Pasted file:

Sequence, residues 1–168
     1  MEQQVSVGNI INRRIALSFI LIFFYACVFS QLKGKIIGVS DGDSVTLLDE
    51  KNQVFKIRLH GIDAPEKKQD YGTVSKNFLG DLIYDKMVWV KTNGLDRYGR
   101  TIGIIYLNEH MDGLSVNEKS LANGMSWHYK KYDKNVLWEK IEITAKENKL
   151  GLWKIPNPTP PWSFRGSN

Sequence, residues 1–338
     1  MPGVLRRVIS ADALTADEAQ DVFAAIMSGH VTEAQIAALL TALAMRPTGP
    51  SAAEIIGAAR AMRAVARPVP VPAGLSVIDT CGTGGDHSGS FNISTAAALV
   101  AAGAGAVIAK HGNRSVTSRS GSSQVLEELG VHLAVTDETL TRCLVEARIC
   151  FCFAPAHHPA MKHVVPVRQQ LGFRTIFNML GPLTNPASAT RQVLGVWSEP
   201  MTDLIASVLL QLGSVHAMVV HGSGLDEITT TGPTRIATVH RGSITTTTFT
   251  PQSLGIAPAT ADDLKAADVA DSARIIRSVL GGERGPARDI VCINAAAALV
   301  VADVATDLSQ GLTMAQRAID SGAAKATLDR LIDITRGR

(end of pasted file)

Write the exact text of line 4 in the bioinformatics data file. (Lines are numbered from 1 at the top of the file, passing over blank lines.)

   101  TIGIIYLNEH MDGLSVNEKS LANGMSWHYK KYDKNVLWEK IEITAKENKL